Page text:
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Has neuroscience found the ego? What Freud and Jung inferred is now observed in MRI scans.

October 30, 2010

Mid last centruy psychoanalysis was highly respected within established psychiatry. It was not atrange to find that the most senior psychiatrists in a hospital were also analysts. Now that is less true. As drug companies have increasingly won the cost-benefit (cost to the paitent, benefit to the shareholder) argument pscyhoanalysis was kicked to the curb. Now the techno-wizardry being applied to neuroscience is more and mroe finding biochemical structures and processes that have been accurately described and modelled by both Freud and Jung.

Dana Alliance member Joseph LeDoux, Ph.D., a neurobiologist at New York University, has argued that psychological constructs such as ego are not incompatible with modern neuroscience; scientists just need to come up with better ways of thinking about the self and its relation to the brain. "For many people, the brain and the self are quite different," he writes in The Synaptic Self, where he made the opposite case. For LeDoux, it’s a truism that our personality — who we are in totality — is represented in the brain as a complex pattern of synaptic connectivity, because synapses underlie everything the brain does. "We are our synapses," he says.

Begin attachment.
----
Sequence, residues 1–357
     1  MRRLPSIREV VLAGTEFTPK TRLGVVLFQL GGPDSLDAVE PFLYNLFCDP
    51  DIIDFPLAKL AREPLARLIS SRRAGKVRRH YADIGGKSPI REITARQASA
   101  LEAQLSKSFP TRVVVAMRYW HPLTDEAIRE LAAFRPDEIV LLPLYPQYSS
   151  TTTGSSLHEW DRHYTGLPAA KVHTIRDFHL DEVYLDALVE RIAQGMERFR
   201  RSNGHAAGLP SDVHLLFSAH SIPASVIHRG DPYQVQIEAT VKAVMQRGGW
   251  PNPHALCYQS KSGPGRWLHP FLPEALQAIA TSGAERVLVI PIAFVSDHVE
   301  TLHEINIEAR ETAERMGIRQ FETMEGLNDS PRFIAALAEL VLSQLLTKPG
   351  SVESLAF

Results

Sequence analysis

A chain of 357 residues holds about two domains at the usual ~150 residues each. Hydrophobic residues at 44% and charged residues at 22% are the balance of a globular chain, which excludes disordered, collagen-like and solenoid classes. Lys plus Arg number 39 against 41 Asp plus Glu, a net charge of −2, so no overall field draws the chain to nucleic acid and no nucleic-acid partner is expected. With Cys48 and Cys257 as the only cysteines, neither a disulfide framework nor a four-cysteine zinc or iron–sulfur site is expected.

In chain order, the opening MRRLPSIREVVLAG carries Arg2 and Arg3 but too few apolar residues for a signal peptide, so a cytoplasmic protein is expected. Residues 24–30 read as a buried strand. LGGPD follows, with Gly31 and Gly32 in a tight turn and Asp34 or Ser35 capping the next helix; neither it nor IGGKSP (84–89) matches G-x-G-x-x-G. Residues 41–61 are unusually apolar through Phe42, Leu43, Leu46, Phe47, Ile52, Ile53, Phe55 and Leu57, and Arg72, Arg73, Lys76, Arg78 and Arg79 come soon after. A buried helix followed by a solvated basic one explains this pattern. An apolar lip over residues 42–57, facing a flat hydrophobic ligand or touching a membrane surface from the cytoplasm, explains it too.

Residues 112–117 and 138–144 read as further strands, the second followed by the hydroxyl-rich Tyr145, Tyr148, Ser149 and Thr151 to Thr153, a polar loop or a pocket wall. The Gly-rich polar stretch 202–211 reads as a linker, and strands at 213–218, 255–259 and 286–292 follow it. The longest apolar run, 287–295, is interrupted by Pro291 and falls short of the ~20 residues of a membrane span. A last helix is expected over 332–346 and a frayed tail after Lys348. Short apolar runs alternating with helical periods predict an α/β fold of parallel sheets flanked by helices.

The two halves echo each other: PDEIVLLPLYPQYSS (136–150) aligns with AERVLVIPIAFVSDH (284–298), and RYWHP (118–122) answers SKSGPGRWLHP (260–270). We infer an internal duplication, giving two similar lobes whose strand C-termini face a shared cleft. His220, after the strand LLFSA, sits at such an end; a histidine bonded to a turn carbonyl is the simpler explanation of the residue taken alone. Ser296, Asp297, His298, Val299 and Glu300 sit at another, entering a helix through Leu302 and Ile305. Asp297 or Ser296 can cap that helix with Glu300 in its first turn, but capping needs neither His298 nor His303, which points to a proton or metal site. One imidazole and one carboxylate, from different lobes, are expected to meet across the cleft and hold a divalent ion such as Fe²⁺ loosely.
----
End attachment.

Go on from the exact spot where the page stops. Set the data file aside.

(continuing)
Researchers are increasingly applying the tools of modern neuroscience to try to understand how the brain represents self and other aspects of ego as popularly defined — they just don’t call it ego. Brain-imaging studies have used self-reference experiments to investigate the neurobiology of self. For example, asking a subject to make a judgment about a statement, such as "I am a good friend" versus a statement that is self-neutral, such as "water is necessary for life." Others have looked at brain pathology in people with disorders of self. These studies have fairly consistently linked self-referential mental activity to the medial prefrontal cortex, a subregion of the frontal lobe where higher-order cognitive functions are processed.

The medial prefrontal cortex is the locus of the brain’s "default mode" network, where metabolic activity is highest when the brain is not actively engaged in a task. During task performance, default mode activity decreases. Washington University neuroimaging pioneer and Dana Alliance member Marcus E. Raichle, M.D., first reported the default mode and has argued that default-state activity may hold clues to the neurobiology of self.

The Unhealthy Ego: What Can Neuroscience Tell Us About Our ‘Self’?
http://www.sciencedaily.com/releases/2010/10/101028113618.htm
ScienceDaily (Oct. 28, 2010)

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